The pathway starts with trans-cinnamate interacting with a hydrogen ion, an oxygen molecule, and a NADH through a cinnamate dioxygenase resulting in a NAD and a Cis-3-(3-carboxyethyl)-3,5-cyclohexadiene-1,2-diol which then interact together through a 2,3-dihydroxy-2,3-dihydrophenylpropionate dehydrogenase resulting in the release of a hydrogen ion, an NADH molecule and a 2,3 dihydroxy-trans-cinnamate. The second way by which the 2,3 dihydroxy-trans-cinnamate is acquired is through a 3-hydroxy-trans-cinnamate interacting with a hydrogen ion, a NADH and an oxygen molecule through a 3-(3-hydroxyphenyl)propionate 2-hydroxylase resulting in the release of a NAD molecule, a water molecule and a 2,3-dihydroxy-trans-cinnamate. The compound 2,3 dihydroxy-trans-cinnamate then interacts with an oxygen molecule through a 2,3-dihydroxyphenylpropionate 1,2-dioxygenase resulting in a hydrogen ion and a 2-hydroxy-6-oxonona-2,4,7-triene-1,9-dioate. The latter compound then interacts with a water molecule through a 2-hydroxy-6-oxononatrienedioate hydrolase resulting in a release of a hydrogen ion, a fumarate molecule and (2Z)-2-hydroxypenta-2,4-dienoate. The latter compound reacts spontaneously to isomerize into a 2-oxopent-4-enoate. This compound is then hydrated through a 2-oxopent-4-enoate hydratase resulting in a 4-hydroxy-2-oxopentanoate. This compound then interacts with a 4-hydroxy-2-ketovalerate aldolase resulting in the release of a pyruvate, and an acetaldehyde. The acetaldehyde then interacts with a coenzyme A and a NAD molecule through a acetaldehyde dehydrogenase resulting in a hydrogen ion, a NADH and an acetyl-coa which can be incorporated into the TCA cycle

Metabolic

SMP0002049

Pw002035 View Pathway
Metabolite

2-Oxopent-4-enoate Metabolism 2

Escherichia coli
The pathway starts with trans-cinnamate interacting with a hydrogen ion, an oxygen molecule, and a NADH through a cinnamate dioxygenase resulting in a NAD and a Cis-3-(3-carboxyethyl)-3,5-cyclohexadiene-1,2-diol which then interact together through a 2,3-dihydroxy-2,3-dihydrophenylpropionate dehydrogenase resulting in the release of a hydrogen ion, an NADH molecule and a 2,3 dihydroxy-trans-cinnamate. The second way by which the 2,3 dihydroxy-trans-cinnamate is acquired is through a 3-hydroxy-trans-cinnamate interacting with a hydrogen ion, a NADH and an oxygen molecule through a 3-(3-hydroxyphenyl)propionate 2-hydroxylase resulting in the release of a NAD molecule, a water molecule and a 2,3-dihydroxy-trans-cinnamate. The compound 2,3 dihydroxy-trans-cinnamate then interacts with an oxygen molecule through a 2,3-dihydroxyphenylpropionate 1,2-dioxygenase resulting in a hydrogen ion and a 2-hydroxy-6-oxonona-2,4,7-triene-1,9-dioate. The latter compound then interacts with a water molecule through a 2-hydroxy-6-oxononatrienedioate hydrolase resulting in a release of a hydrogen ion, a fumarate molecule and (2Z)-2-hydroxypenta-2,4-dienoate. The latter compound reacts spontaneously to isomerize into a 2-oxopent-4-enoate. This compound is then hydrated through a 2-oxopent-4-enoate hydratase resulting in a 4-hydroxy-2-oxopentanoate. This compound then interacts with a 4-hydroxy-2-ketovalerate aldolase resulting in the release of a pyruvate, and an acetaldehyde. The acetaldehyde then interacts with a coenzyme A and a NAD molecule through a acetaldehyde dehydrogenase resulting in a hydrogen ion, a NADH and an acetyl-coa which can be incorporated into the TCA cycle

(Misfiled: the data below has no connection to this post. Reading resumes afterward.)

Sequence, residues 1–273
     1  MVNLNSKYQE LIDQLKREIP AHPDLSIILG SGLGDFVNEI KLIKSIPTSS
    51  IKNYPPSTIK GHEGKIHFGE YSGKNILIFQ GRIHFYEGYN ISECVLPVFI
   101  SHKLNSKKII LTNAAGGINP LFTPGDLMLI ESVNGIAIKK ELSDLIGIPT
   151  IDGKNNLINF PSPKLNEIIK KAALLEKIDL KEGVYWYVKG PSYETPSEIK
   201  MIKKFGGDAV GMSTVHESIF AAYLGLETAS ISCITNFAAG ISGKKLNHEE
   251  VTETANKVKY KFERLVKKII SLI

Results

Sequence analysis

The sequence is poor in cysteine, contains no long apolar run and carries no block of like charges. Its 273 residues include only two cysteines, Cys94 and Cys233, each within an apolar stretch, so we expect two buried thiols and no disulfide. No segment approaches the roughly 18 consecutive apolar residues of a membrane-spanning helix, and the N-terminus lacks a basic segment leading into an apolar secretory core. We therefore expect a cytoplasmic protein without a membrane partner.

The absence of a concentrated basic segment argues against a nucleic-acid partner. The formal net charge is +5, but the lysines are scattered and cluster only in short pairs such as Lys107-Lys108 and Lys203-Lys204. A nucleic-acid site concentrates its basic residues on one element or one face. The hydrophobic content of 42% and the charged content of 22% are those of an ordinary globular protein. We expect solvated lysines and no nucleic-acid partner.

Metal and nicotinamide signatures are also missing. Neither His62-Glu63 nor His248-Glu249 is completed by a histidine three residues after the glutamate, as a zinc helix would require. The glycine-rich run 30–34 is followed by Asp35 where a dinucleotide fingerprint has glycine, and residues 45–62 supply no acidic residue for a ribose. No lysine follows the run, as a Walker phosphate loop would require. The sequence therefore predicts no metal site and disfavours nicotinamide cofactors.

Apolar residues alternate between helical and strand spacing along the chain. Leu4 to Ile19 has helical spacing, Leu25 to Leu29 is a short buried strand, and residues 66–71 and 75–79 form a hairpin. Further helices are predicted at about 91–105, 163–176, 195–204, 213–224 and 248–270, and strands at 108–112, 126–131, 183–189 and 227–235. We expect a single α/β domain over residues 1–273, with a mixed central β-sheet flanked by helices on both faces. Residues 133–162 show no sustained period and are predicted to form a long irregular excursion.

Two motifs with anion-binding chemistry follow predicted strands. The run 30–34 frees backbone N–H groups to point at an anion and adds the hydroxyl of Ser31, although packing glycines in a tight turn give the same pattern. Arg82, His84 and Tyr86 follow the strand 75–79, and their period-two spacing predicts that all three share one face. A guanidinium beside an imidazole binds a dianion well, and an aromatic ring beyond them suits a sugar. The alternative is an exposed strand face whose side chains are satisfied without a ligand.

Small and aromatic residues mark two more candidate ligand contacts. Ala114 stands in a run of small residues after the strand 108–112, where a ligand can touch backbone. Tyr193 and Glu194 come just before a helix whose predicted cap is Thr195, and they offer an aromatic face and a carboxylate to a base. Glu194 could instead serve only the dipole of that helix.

Metabolic

SMP0120640

Pw121896 View Pathway
Metabolite

21-Hydroxylase Deficiency (CYP21)

Mus musculus
Congenital adrenal hyperplasia (CAH) refers to any of several autosomal recessive diseases resulting from mutations of genes for enzymes mediating the biochemical steps of production of cortisol from cholesterol by the adrenal glands (steroidogenesis). 21-hydroxylase deficiency is an inherited disorder that affects the adrenal glands. The adrenal glands are located on top of the kidneys and produce a variety of hormones that regulate many essential functions in the body. In people with 21-hydroxylase deficiency, the adrenal glands produce excess androgens, which are male sex hormones. There are three types of 21-hydroxylase deficiency. Two types are classic forms, known as the salt-wasting and simple virilizing types. The third type is called the non-classic type. The salt-wasting type is the most severe, the simple virilizing type is less severe, and the non-classic type is the least severe form.